Residents want Mawaqif to enforce its policy of towing illegally parked vehicles.
Parking enforcement plan stalled
ABU DHABI //More than a month after the municipality announced a plan to impound illegally parked cars, residents in parts of the city say they have yet to see the plan enforced.
On June 1, the capital's Department of Transport said it would, effective immediately, begin towing all vehicles parked illegally in spots that were part of Mawaqif, the capital's paid parking programme.
Residents say that is not happeneing, and that in some cases the drivers are not even being fined.
One problem area is at the corner of Airport Road and Corniche Street, where recently more than 300 vehicles were parked illegally. In certain cases, motorists created a middle parking lane in a paid parking zone, blocking access to legal spaces.
Mohammed Akhtar, from Pakistan, and Raj Jhajharia, from India, described their feelings towards Mawaqif as a "love/hate relationship".
The two Adnoc employees said that while the parking scheme might have improved the situation in other areas, that was not the case in their part of town.
"It's extremely frustrating," Mr Akhtar said. "At least before, you could park anywhere and not have to worry about the zone you're parking in or getting fined. After Mawaqif, parking became impossible."
Mr Akhtar said residents in the area launched a series of complaints, to which he said Mawaqif had yet to respond.
"They couldn't provide a solution, so they decided to close their eyes to the problem," Mr Akhtar asserted.
Residents say there are regularly no Mawaqif inspectors in the area. Illegally parked vehicles are neither fined nor towed. Drivers can be seen trying to manoeuvre through a maze of vehicles, which residents said blocks access and turns two-way streets into a one-way nightmare.
Residents from other areas have recognised that parking in the area has become a free for all, adding to the chaos, Mr Akhtar said.
Mr Jhajharia, who holds a resident permit, finds himself in a predicament.
"When I come home at 2am, the parking is full and I'm on an endless search," he said. "Now you tell me, where am I supposed to park the car?"
Residents repeatedly said they were willing to pay the price for parking, provided they reaped the benefit.
"Even if it was double the amount, we wouldn't mind, as long as we knew we were getting a parking spot," Mr Jhajharia said. "But first you provide sufficient parking spots, then you charge. Not the other way around."
Mohammed Abdullah, a Palestinian marketing executive who parks legally in what is meant to be a resident-only parking lot, said making a phone call to the police is part of his daily routine.
"It's an additional half an hour to my morning," he said. "Sometimes the police have to call the car owner to come move it, other times I have to wait for the police to arrive so they can tow the car."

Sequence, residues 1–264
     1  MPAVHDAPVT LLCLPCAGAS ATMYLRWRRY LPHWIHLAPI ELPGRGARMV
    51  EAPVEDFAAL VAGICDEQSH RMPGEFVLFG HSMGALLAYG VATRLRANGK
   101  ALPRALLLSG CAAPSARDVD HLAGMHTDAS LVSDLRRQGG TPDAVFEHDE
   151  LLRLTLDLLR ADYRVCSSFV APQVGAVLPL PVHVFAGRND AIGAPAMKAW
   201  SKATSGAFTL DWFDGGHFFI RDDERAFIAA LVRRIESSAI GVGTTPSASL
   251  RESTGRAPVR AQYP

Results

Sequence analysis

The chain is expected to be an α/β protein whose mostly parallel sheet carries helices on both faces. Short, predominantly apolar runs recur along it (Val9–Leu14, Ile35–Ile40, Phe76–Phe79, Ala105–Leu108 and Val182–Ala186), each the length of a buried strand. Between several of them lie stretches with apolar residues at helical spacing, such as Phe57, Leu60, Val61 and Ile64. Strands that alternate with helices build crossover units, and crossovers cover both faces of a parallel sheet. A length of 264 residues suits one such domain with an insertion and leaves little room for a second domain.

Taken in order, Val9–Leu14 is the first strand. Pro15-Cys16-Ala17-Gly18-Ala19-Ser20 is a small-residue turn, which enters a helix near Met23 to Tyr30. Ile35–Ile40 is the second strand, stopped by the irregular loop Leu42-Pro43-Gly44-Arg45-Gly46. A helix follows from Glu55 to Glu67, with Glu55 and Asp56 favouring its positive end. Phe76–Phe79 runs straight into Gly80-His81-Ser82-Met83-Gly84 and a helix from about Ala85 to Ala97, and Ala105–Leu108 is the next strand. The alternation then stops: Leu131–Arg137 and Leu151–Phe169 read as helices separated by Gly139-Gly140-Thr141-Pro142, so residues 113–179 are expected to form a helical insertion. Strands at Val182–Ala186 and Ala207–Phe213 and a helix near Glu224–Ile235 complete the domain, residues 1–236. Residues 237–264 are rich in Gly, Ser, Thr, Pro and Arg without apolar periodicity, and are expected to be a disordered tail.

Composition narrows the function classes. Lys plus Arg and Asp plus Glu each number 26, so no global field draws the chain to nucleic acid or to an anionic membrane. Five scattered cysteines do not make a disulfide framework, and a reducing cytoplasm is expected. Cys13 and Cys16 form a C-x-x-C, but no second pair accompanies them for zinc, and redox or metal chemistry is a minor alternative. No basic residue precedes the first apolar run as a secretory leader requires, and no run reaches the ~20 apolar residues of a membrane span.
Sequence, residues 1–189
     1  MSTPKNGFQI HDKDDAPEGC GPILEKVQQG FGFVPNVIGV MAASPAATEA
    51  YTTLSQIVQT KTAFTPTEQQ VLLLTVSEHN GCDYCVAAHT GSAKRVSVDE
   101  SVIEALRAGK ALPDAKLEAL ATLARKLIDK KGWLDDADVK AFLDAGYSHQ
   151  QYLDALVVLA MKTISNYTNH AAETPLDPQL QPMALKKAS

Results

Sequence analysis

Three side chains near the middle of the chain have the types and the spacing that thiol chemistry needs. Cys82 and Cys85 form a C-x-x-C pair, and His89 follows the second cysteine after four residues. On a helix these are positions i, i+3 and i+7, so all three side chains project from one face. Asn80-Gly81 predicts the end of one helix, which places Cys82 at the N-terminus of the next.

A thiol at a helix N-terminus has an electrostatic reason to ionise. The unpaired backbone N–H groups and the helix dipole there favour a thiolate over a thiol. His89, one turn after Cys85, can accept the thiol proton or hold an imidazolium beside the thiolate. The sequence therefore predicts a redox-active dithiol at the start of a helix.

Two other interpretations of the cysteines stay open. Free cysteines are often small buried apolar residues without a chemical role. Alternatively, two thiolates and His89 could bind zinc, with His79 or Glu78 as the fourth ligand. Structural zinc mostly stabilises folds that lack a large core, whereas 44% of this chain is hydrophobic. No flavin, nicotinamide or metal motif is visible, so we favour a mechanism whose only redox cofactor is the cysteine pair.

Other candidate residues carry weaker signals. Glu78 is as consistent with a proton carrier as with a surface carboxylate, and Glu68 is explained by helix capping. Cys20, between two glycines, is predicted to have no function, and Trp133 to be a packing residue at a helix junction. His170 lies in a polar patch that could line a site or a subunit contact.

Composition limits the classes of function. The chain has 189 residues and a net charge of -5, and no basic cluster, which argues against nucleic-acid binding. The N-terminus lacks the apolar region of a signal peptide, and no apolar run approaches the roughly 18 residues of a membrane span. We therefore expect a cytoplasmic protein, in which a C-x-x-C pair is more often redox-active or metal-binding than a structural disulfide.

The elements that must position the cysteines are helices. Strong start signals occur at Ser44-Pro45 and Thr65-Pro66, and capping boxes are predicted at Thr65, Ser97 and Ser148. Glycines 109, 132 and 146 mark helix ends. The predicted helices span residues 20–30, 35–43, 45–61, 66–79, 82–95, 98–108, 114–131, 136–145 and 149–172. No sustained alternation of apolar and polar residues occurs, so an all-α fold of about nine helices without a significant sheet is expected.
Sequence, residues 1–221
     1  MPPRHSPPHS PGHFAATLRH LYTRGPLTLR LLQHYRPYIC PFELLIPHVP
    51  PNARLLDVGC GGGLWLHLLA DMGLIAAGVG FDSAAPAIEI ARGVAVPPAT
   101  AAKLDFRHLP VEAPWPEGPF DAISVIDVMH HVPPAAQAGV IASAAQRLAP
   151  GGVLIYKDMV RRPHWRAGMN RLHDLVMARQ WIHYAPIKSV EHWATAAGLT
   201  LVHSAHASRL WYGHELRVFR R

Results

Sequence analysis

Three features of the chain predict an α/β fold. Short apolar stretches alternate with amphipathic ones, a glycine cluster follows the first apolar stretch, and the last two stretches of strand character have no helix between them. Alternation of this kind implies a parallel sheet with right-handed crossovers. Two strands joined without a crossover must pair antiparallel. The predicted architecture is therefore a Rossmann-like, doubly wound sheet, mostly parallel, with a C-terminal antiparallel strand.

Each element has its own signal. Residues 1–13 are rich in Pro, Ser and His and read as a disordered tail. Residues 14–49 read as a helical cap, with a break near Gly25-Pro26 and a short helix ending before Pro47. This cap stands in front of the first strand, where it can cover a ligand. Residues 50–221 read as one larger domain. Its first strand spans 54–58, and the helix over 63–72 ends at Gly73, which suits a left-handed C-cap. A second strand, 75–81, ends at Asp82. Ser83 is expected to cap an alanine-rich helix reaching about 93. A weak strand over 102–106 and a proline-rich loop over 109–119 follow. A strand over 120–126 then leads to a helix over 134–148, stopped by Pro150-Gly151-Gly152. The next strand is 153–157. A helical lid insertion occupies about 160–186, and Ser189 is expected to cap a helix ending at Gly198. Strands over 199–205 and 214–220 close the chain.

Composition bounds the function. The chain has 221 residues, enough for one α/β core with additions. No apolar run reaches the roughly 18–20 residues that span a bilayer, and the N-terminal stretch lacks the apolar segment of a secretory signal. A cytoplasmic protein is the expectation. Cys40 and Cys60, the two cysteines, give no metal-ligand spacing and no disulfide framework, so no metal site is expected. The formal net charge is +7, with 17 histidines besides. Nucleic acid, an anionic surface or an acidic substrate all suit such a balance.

By the end of last year, there were approximately 30,000 Mawaqif parking spots across 19 areas in Abu Dhabi city. In the first five months of this year, Mawaqif added more than 10,000 spaces across five additional areas.
Short-term goals by the Department of Transport, Mawaqif's governing body, include having a total of 71,000 parking spots under its scheme by the end of the year and the development of 10 multi-storey car parks.
However, as the number of paid parking spots increases, not all residents are having bad experiences. In Khalidiya, where illegally parked vehicles once covered the pavement and rubbish bins took up two or three spots at a time, the parking situation seems to be improving.
Ahmad Higaz, a public relations executive from Egypt who lives in the area, said the paid parking has been effective.
"Things have cleared up. You don't see as many cars piled on top of each other," he said. "They are not showing any mercy to the people who park here. People are getting fined immediately."
In April, Mawaqif added 1,650 paid parking spots in Khalidiya, including a 38,400 square-metre carpark that can accommodate 1,200 vehicles. A number of illegally parked cars can now be spotted with citations slotted under their windscreen wipers.
However, Mr Higaz shares the same love/hate relationship with Mawaqif.
"Not all areas are like this. I live near the [Khalidiya] garden, so it's better there," he said. "It depends if you're lucky enough to live near an open lot.
The Department of Transport did not respond to requests for comment.
Last week, the municipality said it had impounded 1,052 cars so far this year - but that was for being dirty or abandoned.
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